These were but three of the talks and demos of three days jam-packed. Add to all this the trade show, the Climbers’ Forum party, the many meetings and discussions with friends from all over the world… and you end up with something pretty unique. In case you are quietly kicking yourself for not having made the trip, there is always the possibility of attending next year, which by the way is going to be the 20th anniversary of the Climbers’ Forum, so be prepared for something rather special! The dates are 24 to 26 April 2018.

Start planning now!

Open-source imagery

For the past seven years I have been making up a poster for the European Tree Climbing Championship. The common thread in these posters has been a climber silhouette, which I select from a photograph and then work off that. It is not as though I do any of this professionally or anything like that, but it seems to do the trick.

I have noticed however that these very same silhouettes seem to be cropping up in unexpected places, obviously people copying them out of posters published on-line. Also I have received requests to use the imagery. Therefore we have decided to make such graphics available via our downloads section as a set of vector graphics free of charge. However, I do not want to use the ones we have already used, as that would be unfair to ISA.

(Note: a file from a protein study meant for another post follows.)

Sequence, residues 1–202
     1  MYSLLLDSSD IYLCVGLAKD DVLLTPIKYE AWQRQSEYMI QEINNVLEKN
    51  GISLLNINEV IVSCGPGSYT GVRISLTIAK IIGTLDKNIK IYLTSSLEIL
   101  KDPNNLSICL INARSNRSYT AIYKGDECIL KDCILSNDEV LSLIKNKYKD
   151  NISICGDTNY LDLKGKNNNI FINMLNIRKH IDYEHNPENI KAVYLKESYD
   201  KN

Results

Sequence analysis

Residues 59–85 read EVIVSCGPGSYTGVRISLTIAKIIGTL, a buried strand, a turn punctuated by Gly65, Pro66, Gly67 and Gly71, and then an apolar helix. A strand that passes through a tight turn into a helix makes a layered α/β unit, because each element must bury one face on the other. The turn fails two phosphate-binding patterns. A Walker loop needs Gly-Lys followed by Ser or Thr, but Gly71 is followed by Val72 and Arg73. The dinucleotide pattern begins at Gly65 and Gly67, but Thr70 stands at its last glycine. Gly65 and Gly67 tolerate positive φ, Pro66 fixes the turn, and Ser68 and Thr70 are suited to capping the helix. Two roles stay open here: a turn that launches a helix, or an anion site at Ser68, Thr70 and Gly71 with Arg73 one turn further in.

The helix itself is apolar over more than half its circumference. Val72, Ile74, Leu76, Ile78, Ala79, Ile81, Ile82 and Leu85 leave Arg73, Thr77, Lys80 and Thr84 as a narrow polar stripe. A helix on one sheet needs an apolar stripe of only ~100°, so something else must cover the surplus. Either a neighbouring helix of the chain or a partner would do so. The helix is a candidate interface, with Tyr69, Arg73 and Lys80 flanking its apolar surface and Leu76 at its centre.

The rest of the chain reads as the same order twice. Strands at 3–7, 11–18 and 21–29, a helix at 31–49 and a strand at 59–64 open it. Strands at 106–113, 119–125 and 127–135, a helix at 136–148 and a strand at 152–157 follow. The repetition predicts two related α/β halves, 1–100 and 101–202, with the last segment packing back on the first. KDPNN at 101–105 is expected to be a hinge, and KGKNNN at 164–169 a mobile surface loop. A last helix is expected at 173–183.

If you have a photograph you think might fit the bill, send it to me: No promises, but if it works, I will use it. What I am specifically interested in is images portraying dynamic movement, offering interesting details in silhouette, such as ropes, hands, feet, harness details etc. The background should not be too cluttered. To crown it all, please send it in a fair size resolution and size, something like 3’000 x 2’000 pixels @ 200 dpi.

You do not receive any money for contributing, same as we do not charge for the use of the graphics, but be assured of my thanks. I look forwards to seeing what turns up. Do not hold your breath, but I will certainly keep you posted as to how this project progresses…